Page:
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A home purchase is the largest, single investment most people will ever make. Whether it's a primary residence, a second vacation home or an investment, the purchase of real property is a complex financial transaction that requires multiple parties to pull it all off.
Most of the people involved are very familiar. The Realtor is the most common face of the transaction. The mortgage company provides the financial capital necessary to fund the transaction. The title company ensures that all aspects of the transaction are completed and that a clear title passes from the seller to the buyer.
So who makes sure the value of the property is in line with the amount being paid? There are too many people exposed in the real estate process to let such a transaction proceed without ensuring that the value of the property is commensurate with the amount being paid.
This is where the appraisal comes in. An appraisal is an unbiased estimate of what a buyer might expect to pay - or a seller receives - for a parcel of real estate, where both buyer and seller are informed parties. To be an informed party, most people turn to a licensed, certified, professional appraiser to provide them with the most accurate estimate of the true value of their property.
So what goes into a real estate appraisal? It all starts with the appraiser's inspection (not to be confused with a property inspection by a qualified property inspector looking for physical defects, etc.) . An appraiser's duty is to make a visual inventory of the property being appraised to ascertain the true status of that property. He or she must actually see features, such as the number of bedrooms, bathrooms, the location, and so on, to ensure that they really exist and are in the condition a reasonable buyer would expect them to be. The appraisal inspection often includes a sketch of the property, ensuring the proper square footage and conveying the layout of the property. Most importantly, the appraiser looks for any obvious features - or defects - that would affect the value of the house. The appraiser, however, is not an expert in termite/pest inspections, soils or geological inspections, or property inspections that look at the integrity of the property's components. The appraiser may rely upon such inspection reports to influence his or her opinion of the property's value.
Once the site has been inspected, an appraiser uses one, two or three approaches to determining the value of real property: a cost approach, a sales comparison and, in the case of a rental property, an income approach.
The cost approach is the easiest to understand. The appraiser uses information on local building costs, labor rates and other factors to determine how much it would cost to construct a property similar to the one being appraised. This value often sets the upper limit on what a property would sell for. Why would you pay more for an existing property if you could spend less and build a brand new home instead? While there may be mitigating factors, such as location and amenities, these are usually not reflected in the cost approach. The cost approach is used mostly in appraisals of homes proposed for construction or that are relatively new, The cost approach is less relevant for older homes because it is nearly impossible to accurately estimate the amount of physical depreciation that has accrued to the various components of the home such as the roof, plumbing, etc.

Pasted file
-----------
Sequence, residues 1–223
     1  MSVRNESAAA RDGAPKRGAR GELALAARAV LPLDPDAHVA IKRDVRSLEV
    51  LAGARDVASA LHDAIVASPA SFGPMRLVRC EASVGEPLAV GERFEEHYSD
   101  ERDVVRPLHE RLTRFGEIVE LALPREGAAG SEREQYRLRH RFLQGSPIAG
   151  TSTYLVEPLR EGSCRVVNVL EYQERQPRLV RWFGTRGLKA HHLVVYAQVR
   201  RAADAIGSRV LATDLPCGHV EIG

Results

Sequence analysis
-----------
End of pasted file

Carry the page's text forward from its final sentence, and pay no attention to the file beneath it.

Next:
Instead, appraisers rely heavily on the sales comparison approach to value mitigating factors like location and amenities. Appraisers get to know the neighborhoods in which they work. They understand the value of certain features to the residents of that area. They know the traffic patterns, the school zones, the busy throughways; and they use this information to determine which attributes of a property will make a difference in the value. Then, the appraiser researches recent sales in the vicinity and finds properties which are ''comparable'' to the subject being appraised. The sales prices of these properties are used as a basis to begin the sales comparison approach.
Using knowledge of the value of certain items such as square footage, extra bathrooms, hardwood floors, fireplaces or view lots (just to name a few), the appraiser adjusts the comparable properties to more accurately portray the subject property. For example, if the subject property has a swimming pool and the comparable property does not, the appraiser may add the value of a pool to the sales price of the comparable home. If the subject property does not have an extra half-bathroom and the comparable does, the appraiser might deduct a certain amount from the comparable property.
In the case of income producing properties - rental houses for example - the appraiser may use a third approach to valuing the property. In this case, the amount of income the property produces is used to arrive at the current value of those revenues over the foreseeable future.
Combining information from all approaches, the appraiser is then ready to stipulate an estimated market value for the subject property. It is important to note that while this amount is probably the best indication of what a property is worth, it may not be the final sales price. There are always mitigating factors such as seller motivation, urgency or ''bidding wars'' that may adjust the final price up or down. But the appraised value is often used as a guideline for lenders who don't want to loan a buyer more money than the property is actually worth, or to provide a seller with information that can be used when offering the property for sale. The bottom line is: an appraiser will help you get the most accurate property value, so you can make the most informed real estate decisions. Dana L. Grover Associates has helped thousands of clients make such decisions, and is ready to help you when you need to know a property's value.